By Andrew Longstreth
NEW YORK, Jan 8 (Reuters) - For antitrust authorities around
the world, 2012 was a banner year as they racked up record
criminal fines, according to a new report.
In the United States, the Justice Department obtained an
estimated $1.13 billion in fines from antitrust offenders in
fiscal year 2012, the most ever, according to the report, which
was prepared by the law firm Gibson, Dunn & Crutcher.
That figure, which surpassed the $1 billion in fines
collected in the 2009 fiscal year, was mostly due to an
investigation into the auto parts industry. More than half of
the fines collected came from companies targeted in the probe,
which the Justice Department has said was its biggest ever.
Other large fines came from companies swept up in a government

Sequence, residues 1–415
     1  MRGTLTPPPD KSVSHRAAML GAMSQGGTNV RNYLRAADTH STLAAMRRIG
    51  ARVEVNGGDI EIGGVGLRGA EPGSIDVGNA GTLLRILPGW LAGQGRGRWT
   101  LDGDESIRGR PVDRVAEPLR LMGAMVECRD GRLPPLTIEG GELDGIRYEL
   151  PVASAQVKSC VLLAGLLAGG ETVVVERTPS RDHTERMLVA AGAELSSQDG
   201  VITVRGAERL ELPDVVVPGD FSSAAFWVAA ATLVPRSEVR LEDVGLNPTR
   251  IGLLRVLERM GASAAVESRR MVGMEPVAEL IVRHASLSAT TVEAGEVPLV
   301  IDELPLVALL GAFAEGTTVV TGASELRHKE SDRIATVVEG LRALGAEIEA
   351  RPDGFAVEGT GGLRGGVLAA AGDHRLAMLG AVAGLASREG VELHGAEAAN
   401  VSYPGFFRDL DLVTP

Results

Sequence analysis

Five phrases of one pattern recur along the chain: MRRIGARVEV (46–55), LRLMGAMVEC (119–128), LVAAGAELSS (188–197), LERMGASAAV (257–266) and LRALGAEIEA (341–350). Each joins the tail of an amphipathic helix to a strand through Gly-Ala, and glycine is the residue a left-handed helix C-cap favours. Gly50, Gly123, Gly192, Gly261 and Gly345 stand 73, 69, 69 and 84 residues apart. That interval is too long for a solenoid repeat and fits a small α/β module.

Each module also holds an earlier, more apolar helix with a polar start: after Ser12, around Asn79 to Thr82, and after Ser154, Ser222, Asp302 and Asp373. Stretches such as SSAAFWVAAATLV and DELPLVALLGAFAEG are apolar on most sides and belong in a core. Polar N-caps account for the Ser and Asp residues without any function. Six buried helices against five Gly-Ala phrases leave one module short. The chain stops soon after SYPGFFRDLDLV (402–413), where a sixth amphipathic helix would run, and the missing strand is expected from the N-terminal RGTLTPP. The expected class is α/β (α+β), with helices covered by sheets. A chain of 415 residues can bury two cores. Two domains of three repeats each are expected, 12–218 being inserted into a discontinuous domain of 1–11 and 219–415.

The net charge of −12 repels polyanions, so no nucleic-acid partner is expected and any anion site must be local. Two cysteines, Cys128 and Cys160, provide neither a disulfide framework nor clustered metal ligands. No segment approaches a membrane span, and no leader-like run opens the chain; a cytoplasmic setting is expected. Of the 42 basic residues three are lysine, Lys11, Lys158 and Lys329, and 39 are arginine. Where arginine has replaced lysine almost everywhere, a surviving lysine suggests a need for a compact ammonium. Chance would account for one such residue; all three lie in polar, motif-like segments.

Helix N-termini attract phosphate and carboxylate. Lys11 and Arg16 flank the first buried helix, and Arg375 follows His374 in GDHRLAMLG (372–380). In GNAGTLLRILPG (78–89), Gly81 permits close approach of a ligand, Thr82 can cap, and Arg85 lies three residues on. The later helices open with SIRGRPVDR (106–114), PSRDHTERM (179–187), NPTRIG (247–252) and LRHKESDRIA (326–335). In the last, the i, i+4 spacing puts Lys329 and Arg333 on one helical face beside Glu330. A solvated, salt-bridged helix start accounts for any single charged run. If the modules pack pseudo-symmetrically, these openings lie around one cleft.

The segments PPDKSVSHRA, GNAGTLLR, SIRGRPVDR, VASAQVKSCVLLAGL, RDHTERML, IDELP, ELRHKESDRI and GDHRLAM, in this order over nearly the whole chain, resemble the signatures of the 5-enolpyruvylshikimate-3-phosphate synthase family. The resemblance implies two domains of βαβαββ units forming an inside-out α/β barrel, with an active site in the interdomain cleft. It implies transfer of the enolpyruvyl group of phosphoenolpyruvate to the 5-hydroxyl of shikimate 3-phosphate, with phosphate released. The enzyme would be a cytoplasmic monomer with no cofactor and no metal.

probe of price-fixing of liquid crystal displays and an
investigation into bid-rigging in the municipal bond market.
Another record was set by the European Commission, which
imposed the largest fine ever in its history, $1.97 billion
against seven companies for their participation in an alleged
conspiracy to fix prices for TV and computer monitor cathode ray
tubes. Competition authorities in India also levied their
largest fine in 2012, $1.1 billion against 11 cement
Big numbers in criminal fines are expected to continue this
year, according to Gibson Dunn. A major contributor may be
China, which signed an agreement to cooperate more with
antitrust authorities in Europe and which has launched its first
investigation into cartel activity outside the country.
"These developments, coupled with the introduction of
investigations in extraterritorial conduct, may mark a new
period of aggressive enforcement of global cartel activity,"
according to the report.
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